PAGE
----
Ryan D. Schilling

Ryan Schilling
Early Stage Researcher

Academic background

2012 October – present: PhD in Electrical Engineering. École Polytechnique Fédérale de Lausanne (EPFL), Switzerland.

– topic: Quantum limited sensing of nanomechanical motion in an integrated optomechanical system

– supervisor: Prof. Tobias Kippenberg (Laboratory of Photonics and Quantum Measurements)

2010-2012: Master of Science in Electrical Engineering. University of Toronto, Canada.

– thesis: Self-referencing and sensitivity optimization in photonic crystal slabs for biosensing applications

– supervisor: Prof. Ofer Levi

2006-2010: Bachelor of Science in Electrical Engineering. University of British Columbia, Canada.

2010 Summer: NSERC Undergraduate Summer Research Award, Microsystems and Nanotechnology Group. University of British Columbia, Canada.

2009 Summer: NSERC Undergraduate Summer Research Award, Robotics and Control Laboratory. University of British Columbia, Canada.


Current research topic (PhD): Quantum limited sensing of nanomechanical motion in an integrated optomechanical system

Nano and micromechanical oscillators are currently used in many commercial applications, ranging from atomic force microscopy to radio frequency filters in cell-phones. Such systems have also been used for very high precision metrology, such as the detection of single spins, and reconstructing virus structure. Recently, it has been demonstrated that such mechanical oscillators can be parametrically coupled to an optical cavity by placing the oscillator in the near-field of the cavity. Such a device is an example of an optomechanical system, where mechanical motion interacts with, and can be controlled by, an electromagnetic field.

The field of cavity optomechanics seeks to create powerful new tools for the exploration of phenomenon in the quantum regime, by coupling the optical mode of an optical cavity to the mechanical mode of a mechanical oscillator. Such systems can be used both for high precision metrology as well as to test fundamental concepts in quantum mechanics. It has been recently demonstrated that macroscopic optomechanical systems operating at cryogenic temperature can realize mechanical coupling rates that exceed the systems thermal decoherence rate. In this regime, a system can in principle be operated in the quantum ground state. This would allow for the realization of experiments where quantum states can be prepared, manipulated, and read out.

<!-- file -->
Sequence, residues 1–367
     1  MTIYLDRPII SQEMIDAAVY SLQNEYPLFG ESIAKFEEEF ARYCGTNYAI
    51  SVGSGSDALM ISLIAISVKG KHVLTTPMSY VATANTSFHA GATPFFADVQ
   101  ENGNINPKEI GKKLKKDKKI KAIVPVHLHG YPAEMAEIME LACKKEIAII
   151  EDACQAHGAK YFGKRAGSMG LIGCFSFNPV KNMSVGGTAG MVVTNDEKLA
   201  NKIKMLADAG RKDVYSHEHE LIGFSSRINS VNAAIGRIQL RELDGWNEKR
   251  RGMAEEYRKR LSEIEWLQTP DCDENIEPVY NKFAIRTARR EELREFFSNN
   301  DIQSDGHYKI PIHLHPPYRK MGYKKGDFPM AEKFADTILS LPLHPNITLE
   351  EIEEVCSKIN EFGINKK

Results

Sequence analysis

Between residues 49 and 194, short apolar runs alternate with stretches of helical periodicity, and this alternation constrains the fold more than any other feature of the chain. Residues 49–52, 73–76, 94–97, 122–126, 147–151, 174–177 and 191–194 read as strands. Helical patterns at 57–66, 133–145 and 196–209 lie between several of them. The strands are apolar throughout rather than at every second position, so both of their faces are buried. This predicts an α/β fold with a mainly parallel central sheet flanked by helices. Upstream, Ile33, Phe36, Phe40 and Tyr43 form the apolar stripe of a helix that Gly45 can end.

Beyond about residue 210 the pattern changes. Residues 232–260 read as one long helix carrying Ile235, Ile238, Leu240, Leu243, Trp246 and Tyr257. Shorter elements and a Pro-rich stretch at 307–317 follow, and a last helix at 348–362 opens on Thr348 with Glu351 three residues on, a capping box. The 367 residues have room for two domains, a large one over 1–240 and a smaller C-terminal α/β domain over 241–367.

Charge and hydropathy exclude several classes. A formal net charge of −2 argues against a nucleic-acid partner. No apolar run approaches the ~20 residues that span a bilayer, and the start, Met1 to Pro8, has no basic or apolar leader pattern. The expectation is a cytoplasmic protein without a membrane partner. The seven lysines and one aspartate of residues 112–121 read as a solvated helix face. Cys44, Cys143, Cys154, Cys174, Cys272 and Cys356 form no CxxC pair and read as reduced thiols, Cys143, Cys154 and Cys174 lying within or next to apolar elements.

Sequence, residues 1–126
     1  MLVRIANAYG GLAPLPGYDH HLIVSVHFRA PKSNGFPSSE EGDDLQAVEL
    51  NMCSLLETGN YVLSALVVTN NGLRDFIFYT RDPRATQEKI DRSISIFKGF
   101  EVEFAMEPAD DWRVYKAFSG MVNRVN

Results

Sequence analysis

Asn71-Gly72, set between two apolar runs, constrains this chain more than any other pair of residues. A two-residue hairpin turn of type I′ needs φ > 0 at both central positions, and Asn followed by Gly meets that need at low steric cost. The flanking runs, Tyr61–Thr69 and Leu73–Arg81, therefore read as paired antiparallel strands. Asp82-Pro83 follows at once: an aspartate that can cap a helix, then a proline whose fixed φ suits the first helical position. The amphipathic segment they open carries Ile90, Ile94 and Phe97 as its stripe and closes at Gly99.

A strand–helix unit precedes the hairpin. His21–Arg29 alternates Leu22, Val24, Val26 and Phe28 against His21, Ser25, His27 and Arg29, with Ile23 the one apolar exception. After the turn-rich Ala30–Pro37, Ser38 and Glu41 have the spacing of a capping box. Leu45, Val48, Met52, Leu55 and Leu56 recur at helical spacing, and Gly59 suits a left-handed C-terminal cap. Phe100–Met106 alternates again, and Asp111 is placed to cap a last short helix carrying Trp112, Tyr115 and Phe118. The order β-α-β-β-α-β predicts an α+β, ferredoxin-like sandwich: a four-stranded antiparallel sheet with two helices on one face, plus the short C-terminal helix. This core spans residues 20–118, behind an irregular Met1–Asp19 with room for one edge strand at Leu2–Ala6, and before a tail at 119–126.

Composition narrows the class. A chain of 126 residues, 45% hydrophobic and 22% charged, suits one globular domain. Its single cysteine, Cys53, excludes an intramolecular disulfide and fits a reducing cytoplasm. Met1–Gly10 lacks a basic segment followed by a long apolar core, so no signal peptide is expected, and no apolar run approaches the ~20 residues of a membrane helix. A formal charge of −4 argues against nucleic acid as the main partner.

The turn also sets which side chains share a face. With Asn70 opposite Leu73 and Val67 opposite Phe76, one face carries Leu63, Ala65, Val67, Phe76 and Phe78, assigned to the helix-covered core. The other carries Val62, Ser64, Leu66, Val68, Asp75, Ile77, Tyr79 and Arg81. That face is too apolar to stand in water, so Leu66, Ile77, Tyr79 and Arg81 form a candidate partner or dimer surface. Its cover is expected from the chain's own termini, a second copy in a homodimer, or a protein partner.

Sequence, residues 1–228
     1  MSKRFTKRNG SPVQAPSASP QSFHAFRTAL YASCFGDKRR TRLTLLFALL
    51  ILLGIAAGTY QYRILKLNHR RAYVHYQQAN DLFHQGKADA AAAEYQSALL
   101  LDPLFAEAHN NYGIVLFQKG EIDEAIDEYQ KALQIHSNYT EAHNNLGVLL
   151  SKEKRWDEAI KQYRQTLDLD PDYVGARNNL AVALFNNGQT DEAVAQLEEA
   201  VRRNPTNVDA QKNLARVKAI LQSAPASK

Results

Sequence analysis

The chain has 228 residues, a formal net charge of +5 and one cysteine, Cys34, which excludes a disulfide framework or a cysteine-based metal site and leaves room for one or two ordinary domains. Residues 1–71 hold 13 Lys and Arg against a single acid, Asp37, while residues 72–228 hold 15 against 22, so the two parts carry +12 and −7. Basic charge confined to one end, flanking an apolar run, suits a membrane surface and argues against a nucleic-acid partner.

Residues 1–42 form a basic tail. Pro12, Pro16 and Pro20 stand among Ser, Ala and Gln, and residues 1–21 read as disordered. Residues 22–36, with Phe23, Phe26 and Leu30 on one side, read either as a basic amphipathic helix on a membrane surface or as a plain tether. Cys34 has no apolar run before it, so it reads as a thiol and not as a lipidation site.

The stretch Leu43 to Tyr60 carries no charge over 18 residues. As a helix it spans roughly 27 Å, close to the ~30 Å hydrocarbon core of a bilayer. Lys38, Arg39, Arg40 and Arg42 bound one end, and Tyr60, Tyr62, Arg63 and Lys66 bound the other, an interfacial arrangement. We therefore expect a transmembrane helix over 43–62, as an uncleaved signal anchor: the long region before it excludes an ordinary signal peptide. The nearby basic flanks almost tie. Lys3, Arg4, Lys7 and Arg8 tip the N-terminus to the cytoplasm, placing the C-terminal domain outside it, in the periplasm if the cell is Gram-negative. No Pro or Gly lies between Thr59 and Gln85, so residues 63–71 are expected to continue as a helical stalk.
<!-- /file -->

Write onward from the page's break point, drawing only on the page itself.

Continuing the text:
The thesis work introduced in this report seeks to realize a hybrid, on-chip integrated optomechanical platform that will overcome the shortcoming of current systems. The system is hybrid in the sense that it integrates a silicon nitride doubly clamped nanobeam with a silicon dioxide microdisk whispering gallery mode optical cavity. Silicon nitride nanobeams represent the state of the art in ultra-high quality factor nanomechanical resonators, and the research behind such systems is well established. Likewise, silicon dioxide microdisk cavities represent the highest finesse resonators that are amenable to on-chip fabrication. These two physically separate systems can be coupled by the optical gradient force. Traditionally, optomechanical systems have relied on coupling to the mechanical modes of the optical resonator itself, which generally resulted in low mechanical Qs. The hybrid approach, where the mechanical and optical systems are physically separate, is highly desirable as it does not require such compromises in performance. Moreover, from an engineering point of view, this physical separation allows for independent tuning and optimization of the mechanical and optical components.

Hybrid, near-field optomechanics has been explored extensively within the research group of Prof. Tobias Kippenberg – first by Dr. Georg Anetsberger, and later by Dr. Emanuel Gavartin. The work of this thesis builds upon this strong knowledge base, and follows directly from the work of Dr. Gavartin.